An accompanist was provided. An audience watched—comprised not only of students and parents, but also often of distinguished guests and prominent musicians. Auer arrived for the lesson punctually; everything was supposed to be in place by the time he arrived. During the lesson, Auer would walk around the room, observing, correcting, exhorting, scolding, shaping the interpretation.
Remaining there was a test of endurance and hard work. Auer could be stern, severe, harsh. One unfortunate student was ejected regularly, with the music thrown after him. Auer valued musical vitality and enthusiasm. While Auer pushed his students to their limits, he also remained devoted to them. He remained solicitous of their material needs. He helped them obtain scholarships, patrons and better instruments. He used his influence in high government offices to obtain residence permits for his Jewish students.
Jascha Heifetz and his father in the Conservatory[ edit ] There was a somewhat limited area of Russia called the Jewish Pale of Settlement in which Jews were allowed to live. Petersburg had a substantial Jewish community, the largest in Russia outside the Pale. This I did, and as a result the law was obeyed while at the same time the Heifetz family was not separated, for it was not legally permissible for the wife and children of a Conservatoire pupil to be separated from their husband and father.
However, since the students were without exception expected to attend the obligatory classes in solfeggio, piano, and harmony, and since Papa Heifetz most certainly did not attend any of them I had to do battle continually with the management on his account. He gave them style, taste, musical breeding. He also broadened their horizons. He made them read books, guided their behavior and career choices and polished their social graces. He also insisted that his students learn a foreign language if an international career was expected.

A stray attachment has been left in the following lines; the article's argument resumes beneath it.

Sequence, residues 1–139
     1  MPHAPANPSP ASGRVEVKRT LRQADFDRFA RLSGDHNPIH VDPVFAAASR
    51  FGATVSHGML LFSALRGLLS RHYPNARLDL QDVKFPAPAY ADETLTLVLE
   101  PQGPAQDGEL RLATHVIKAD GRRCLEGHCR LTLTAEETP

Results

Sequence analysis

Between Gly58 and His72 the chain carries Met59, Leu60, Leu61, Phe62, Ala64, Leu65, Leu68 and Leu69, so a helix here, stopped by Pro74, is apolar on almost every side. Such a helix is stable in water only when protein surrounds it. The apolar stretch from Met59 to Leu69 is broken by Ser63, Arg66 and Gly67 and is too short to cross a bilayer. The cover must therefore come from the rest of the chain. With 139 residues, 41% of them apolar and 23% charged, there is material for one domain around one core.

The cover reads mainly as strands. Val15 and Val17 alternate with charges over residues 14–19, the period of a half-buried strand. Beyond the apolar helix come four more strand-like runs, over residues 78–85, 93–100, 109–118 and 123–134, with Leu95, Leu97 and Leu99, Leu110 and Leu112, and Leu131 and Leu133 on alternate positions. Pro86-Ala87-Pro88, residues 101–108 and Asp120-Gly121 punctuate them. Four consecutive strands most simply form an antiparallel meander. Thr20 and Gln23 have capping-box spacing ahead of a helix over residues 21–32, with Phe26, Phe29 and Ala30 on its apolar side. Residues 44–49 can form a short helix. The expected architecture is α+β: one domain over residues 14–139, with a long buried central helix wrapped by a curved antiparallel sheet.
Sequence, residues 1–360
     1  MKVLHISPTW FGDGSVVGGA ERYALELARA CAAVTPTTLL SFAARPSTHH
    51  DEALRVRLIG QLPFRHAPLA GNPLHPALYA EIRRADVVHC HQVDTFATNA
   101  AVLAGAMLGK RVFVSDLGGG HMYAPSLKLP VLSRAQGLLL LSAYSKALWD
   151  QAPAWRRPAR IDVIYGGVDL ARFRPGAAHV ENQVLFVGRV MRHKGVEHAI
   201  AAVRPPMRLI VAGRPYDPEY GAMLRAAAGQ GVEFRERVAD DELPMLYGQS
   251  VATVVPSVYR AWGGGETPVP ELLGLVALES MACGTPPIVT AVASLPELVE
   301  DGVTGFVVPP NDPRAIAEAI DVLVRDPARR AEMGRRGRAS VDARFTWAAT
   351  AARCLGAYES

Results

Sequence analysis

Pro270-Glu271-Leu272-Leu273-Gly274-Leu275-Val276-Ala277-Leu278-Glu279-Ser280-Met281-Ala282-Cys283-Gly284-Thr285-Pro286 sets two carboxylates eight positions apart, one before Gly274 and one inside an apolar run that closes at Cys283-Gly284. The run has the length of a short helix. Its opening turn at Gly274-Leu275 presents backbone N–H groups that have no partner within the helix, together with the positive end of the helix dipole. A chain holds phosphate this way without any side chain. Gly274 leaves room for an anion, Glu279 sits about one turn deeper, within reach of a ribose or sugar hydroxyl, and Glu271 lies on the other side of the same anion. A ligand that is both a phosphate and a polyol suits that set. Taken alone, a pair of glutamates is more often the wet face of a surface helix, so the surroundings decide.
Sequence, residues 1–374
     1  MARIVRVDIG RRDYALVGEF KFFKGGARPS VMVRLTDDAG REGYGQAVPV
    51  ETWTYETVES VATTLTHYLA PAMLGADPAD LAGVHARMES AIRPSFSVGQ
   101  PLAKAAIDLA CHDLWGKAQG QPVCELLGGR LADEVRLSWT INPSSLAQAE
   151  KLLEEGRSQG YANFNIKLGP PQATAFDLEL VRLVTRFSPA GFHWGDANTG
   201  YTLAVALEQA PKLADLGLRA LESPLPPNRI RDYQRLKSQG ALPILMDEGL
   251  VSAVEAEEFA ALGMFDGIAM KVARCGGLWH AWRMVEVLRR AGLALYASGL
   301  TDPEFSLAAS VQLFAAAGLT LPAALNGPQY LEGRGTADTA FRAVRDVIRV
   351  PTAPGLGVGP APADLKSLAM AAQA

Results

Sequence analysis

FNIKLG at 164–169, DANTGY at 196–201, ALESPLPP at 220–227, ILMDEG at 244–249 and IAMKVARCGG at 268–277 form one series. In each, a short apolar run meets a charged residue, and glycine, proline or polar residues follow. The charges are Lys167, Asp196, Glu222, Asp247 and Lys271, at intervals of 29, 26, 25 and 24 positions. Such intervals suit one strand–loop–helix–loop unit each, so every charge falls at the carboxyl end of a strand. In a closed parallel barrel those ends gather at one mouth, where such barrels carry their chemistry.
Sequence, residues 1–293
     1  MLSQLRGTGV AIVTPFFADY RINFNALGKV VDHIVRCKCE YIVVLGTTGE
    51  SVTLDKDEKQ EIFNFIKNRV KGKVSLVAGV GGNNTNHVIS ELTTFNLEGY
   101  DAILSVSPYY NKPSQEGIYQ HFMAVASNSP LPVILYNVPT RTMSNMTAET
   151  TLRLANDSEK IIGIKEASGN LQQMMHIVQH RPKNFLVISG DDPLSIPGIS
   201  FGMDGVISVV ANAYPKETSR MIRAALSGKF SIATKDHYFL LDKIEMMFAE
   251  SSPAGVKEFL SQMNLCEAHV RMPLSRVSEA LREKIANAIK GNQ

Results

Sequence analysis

Even after a student started a career, Auer would watch with a paternal eye. He wrote countless letters of recommendation to conductors and concert agents.
When Mischa Elman was preparing for his London debut, Auer traveled there to coach him. He also continued work with Efrem Zimbalist and Kathleen Parlow after their debuts. Dedications[ edit ] A number of composers dedicated pieces to Auer. This was not because he regarded the work as "unplayable", as some sources say, but because he felt that "some of the passages were not suited to the character of the instrument, and that, however perfectly rendered, they would not sound as well as the composer had imagined".
Compositions and writings[ edit ] Auer wrote a small number of works for his instrument, including the Rhapsodie hongroise for violin and piano. There are also alterations to various passages throughout the piece. His editions are published mostly by Carl Fischer. To these three, Joachim adds a fourth, by Max Bruch.
Steinberg does not mention Bruch concertos after the first, although both he and Auer mention the Scottish Fantasy for violin and orchestra. Beethoven wrote two Romances for violin and orchestra, Romance No. Auer pp.
The jazz vibraphonist Vera Auer is a niece of Leopold Auer. The actor Mischa Auer born Mischa Ounskowsky was his grandson. Hungarian Dance No.
Leopold Auer: Graded Course of Violin Playing Book 1
Graded Course Of Violin Playing Book 1
Leopold Auer Graded Course Of Violin Playing